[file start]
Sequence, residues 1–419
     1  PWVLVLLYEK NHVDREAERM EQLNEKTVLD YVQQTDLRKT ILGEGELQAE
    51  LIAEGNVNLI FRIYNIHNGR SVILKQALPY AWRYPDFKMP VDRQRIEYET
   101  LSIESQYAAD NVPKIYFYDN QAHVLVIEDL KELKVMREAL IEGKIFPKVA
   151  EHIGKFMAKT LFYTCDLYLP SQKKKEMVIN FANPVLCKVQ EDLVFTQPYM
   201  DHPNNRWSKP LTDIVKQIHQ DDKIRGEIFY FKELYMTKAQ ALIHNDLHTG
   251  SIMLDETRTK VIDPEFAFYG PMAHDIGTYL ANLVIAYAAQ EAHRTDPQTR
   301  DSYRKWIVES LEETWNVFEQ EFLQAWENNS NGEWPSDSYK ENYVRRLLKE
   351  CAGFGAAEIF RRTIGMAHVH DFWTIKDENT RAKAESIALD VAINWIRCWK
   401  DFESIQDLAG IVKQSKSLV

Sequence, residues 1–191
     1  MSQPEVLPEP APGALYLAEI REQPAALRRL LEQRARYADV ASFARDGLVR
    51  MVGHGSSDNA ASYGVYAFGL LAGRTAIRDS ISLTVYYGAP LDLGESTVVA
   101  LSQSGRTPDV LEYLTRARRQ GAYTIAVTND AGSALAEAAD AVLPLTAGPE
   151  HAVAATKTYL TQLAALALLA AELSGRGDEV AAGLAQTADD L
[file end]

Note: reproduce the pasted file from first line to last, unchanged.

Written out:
Sequence, residues 1–419
     1  PWVLVLLYEK NHVDREAERM EQLNEKTVLD YVQQTDLRKT ILGEGELQAE
    51  LIAEGNVNLI FRIYNIHNGR SVILKQALPY AWRYPDFKMP VDRQRIEYET
   101  LSIESQYAAD NVPKIYFYDN QAHVLVIEDL KELKVMREAL IEGKIFPKVA
   151  EHIGKFMAKT LFYTCDLYLP SQKKKEMVIN FANPVLCKVQ EDLVFTQPYM
   201  DHPNNRWSKP LTDIVKQIHQ DDKIRGEIFY FKELYMTKAQ ALIHNDLHTG
   251  SIMLDETRTK VIDPEFAFYG PMAHDIGTYL ANLVIAYAAQ EAHRTDPQTR
   301  DSYRKWIVES LEETWNVFEQ EFLQAWENNS NGEWPSDSYK ENYVRRLLKE
   351  CAGFGAAEIF RRTIGMAHVH DFWTIKDENT RAKAESIALD VAINWIRCWK
   401  DFESIQDLAG IVKQSKSLV

Sequence, residues 1–191
     1  MSQPEVLPEP APGALYLAEI REQPAALRRL LEQRARYADV ASFARDGLVR
    51  MVGHGSSDNA ASYGVYAFGL LAGRTAIRDS ISLTVYYGAP LDLGESTVVA
   101  LSQSGRTPDV LEYLTRARRQ GAYTIAVTND AGSALAEAAD AVLPLTAGPE
   151  HAVAATKTYL TQLAALALLA AELSGRGDEV AAGLAQTADD L